With the recent commitment of Brad Kaaya out of West Hills (California) Chaminade High School, the Miami Hurricanes now have two consensus three-star quarterbacks wanting to don the green and orange. The other, Alin Edouard, out of Hialeah High in Miami, is listed as a dual-threat quarterback. Kaaya is a more traditional pocket passer.
Both of these kids need to have some patience. With senior quarterback Stephen Morris departing after this year, and local prep hero Ryan Williams waiting in the wings, it could be three years before either of these two take a snap in a game.
Miami is, of course, Quarterback U., and intense scrutiny is part of being a Canes’ signal caller. With that said, which one is better? Let’s look at the resumes.
Kaaya, at 6’ 4’’ and 215 lbs., is taller and bigger than Edouard who stands 6’ 2’’ and weights 180 lbs. Edouard’s tall, lanky frame will remind many Canes fans of Jacory Harris. However, Edouard is much more of a playmaker on the run than Harris ever was, and that may not be a good thing. With such a slender physique, Edouard is far more liable to be injured than the compact, muscular Kaaya.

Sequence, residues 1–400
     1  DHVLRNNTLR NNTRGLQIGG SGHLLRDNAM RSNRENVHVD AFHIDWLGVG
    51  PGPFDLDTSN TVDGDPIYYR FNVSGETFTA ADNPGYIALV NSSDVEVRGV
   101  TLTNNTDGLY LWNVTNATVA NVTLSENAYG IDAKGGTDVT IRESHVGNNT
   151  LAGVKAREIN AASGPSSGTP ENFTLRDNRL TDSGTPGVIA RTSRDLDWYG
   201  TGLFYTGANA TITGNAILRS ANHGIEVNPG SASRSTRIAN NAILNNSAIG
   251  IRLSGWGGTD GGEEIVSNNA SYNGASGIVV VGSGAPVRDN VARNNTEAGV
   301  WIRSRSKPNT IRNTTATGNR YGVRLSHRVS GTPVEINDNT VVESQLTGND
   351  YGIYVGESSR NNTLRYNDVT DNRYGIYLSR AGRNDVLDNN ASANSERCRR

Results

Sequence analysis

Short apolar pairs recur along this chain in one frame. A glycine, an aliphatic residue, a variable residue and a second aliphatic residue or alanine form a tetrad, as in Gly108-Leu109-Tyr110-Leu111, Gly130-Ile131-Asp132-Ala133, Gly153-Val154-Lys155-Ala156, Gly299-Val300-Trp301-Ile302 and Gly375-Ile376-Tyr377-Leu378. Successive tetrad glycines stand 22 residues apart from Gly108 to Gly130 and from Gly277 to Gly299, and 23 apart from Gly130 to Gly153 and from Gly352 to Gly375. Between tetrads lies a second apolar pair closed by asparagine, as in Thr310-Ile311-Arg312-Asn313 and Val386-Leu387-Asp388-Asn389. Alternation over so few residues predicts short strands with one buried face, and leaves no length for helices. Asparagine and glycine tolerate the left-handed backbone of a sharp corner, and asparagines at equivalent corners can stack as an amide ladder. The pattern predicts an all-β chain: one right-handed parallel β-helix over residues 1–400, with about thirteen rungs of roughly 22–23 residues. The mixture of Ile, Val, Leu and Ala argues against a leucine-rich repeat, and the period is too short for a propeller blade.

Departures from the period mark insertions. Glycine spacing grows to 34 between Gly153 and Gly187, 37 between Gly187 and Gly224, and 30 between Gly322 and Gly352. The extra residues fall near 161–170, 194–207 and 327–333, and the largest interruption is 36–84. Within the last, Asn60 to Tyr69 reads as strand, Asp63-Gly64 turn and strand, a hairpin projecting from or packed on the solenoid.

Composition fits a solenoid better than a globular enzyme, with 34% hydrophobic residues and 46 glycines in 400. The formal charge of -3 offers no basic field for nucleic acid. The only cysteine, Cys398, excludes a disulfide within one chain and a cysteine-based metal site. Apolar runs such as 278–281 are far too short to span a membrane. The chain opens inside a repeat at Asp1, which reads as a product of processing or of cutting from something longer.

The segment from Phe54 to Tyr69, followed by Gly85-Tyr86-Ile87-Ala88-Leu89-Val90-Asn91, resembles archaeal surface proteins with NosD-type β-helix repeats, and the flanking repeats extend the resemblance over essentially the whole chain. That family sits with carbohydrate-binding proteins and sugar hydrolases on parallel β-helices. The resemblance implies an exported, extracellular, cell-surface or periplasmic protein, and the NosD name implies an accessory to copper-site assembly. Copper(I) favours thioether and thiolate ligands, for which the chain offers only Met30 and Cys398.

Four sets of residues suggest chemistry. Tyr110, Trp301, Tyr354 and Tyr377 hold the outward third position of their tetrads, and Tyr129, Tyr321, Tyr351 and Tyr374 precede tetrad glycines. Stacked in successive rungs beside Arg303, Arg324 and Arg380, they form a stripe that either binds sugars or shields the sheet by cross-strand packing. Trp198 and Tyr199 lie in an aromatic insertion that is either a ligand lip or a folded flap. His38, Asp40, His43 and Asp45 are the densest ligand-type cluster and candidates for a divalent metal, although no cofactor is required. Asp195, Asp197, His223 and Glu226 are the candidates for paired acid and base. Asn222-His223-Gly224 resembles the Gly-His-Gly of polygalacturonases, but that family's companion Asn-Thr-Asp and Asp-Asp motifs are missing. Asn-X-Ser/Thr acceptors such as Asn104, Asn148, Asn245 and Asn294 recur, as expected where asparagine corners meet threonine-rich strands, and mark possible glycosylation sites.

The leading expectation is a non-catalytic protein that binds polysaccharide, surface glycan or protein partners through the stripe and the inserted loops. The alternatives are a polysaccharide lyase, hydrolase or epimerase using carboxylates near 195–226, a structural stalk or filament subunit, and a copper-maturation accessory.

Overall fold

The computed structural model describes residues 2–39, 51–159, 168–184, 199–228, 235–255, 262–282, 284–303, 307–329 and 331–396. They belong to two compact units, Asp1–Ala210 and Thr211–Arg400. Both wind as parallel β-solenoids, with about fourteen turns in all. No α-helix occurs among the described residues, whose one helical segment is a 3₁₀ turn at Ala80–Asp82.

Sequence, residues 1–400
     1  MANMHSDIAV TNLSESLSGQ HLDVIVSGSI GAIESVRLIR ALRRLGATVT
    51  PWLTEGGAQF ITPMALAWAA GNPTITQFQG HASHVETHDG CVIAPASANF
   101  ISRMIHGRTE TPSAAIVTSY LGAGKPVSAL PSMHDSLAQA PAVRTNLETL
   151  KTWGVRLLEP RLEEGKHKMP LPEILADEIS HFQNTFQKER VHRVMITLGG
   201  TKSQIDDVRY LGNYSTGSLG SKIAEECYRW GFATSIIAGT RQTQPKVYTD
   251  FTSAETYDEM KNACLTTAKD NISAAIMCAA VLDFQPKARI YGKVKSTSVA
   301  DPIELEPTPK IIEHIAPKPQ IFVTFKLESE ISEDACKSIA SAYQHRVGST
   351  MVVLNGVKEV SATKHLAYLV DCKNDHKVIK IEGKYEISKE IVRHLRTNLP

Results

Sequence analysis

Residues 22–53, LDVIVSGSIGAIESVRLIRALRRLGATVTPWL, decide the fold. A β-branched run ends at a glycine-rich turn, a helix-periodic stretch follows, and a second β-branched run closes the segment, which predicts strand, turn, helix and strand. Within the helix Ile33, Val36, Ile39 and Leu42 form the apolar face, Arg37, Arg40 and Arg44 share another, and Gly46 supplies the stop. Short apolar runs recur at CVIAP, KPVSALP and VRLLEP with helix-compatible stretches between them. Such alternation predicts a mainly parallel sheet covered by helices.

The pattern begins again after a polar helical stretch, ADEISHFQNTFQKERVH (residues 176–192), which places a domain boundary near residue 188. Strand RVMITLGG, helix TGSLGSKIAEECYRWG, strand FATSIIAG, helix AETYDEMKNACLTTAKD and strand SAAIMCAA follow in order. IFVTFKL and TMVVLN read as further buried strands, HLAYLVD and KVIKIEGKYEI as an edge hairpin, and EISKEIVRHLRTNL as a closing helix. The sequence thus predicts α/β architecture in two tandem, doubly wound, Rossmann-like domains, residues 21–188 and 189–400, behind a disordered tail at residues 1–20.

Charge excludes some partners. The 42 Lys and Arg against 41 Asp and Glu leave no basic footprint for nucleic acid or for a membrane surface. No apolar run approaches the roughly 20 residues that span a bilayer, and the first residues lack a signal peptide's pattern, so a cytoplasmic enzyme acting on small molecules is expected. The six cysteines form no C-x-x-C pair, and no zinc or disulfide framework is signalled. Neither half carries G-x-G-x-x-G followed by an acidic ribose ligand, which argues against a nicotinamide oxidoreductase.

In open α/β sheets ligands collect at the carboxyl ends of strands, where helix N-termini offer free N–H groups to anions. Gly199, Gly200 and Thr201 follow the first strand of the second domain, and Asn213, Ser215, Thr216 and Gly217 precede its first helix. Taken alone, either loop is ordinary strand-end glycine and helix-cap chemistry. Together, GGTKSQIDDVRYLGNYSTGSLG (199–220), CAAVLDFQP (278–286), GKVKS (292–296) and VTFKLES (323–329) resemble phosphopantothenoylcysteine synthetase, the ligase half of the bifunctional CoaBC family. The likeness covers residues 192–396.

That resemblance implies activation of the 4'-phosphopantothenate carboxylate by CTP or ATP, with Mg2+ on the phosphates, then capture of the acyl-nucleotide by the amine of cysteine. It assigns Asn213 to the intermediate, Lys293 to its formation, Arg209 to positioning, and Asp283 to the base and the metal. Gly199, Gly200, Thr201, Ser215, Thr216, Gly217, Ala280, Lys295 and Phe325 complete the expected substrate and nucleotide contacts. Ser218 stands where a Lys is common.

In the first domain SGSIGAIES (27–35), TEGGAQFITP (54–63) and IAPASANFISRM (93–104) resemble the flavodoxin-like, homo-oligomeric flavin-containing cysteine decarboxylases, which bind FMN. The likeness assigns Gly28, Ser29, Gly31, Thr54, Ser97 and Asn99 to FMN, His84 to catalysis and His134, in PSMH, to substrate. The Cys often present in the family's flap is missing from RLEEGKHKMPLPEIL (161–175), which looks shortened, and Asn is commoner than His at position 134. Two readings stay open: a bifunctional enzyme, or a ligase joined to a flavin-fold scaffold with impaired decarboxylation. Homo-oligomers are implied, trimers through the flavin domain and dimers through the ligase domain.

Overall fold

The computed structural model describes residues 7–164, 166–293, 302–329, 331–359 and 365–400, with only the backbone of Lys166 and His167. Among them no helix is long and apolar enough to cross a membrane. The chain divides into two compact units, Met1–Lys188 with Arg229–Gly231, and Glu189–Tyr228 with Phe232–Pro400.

Kaaya is not nearly the runner that Edouard is, but his mechanics and footwork put Edouard to shame. Kaaya keeps his feet moving while under pressure in the pocket, but still keeps his eyes downfield. Edwards tends to stand flatfooted and throws off his back foot a great deal. He is also too quick to tuck and run instead of trusting his protection and making throws. Both have very strong arms, but Kaaya reads coverages better and goes through his progressions while Edouard stares down his intended receiver, and when confused by the defense, often chucks it up to the deepest man.
Kaaya’s stats are also better. He threw for 1,875 yards and 13 touchdowns with a 67 percent completion rate. He only threw two interceptions all season. Edouard threw for 926 yards and nine touchdowns with a 48 percent completion rate. However, Edouard also ran for 559 yards and seven touchdowns
Kaaya led his team to states and finished the season with a 12-2 record. Edouard’s Hialeah team finished 5-4 and missed the playoffs.
In the end, Alin Edouard is the superior athlete, but Kaaya is the more polished and prepared quarterback and is more suited to Miami Hurricanes’ offensive coordinator James Coley’s system. With his slight frame, Edouard is an injury waiting to happen as a scrambling quarterback and will need more coaching than Kaaya in coverage recognition and decision-making in the pocket. With his height and speed, Edouard is more suited to playing wide receiver.
Perhaps one day Canes fans will become familiar with the phrase “Kaaya to Edouard.”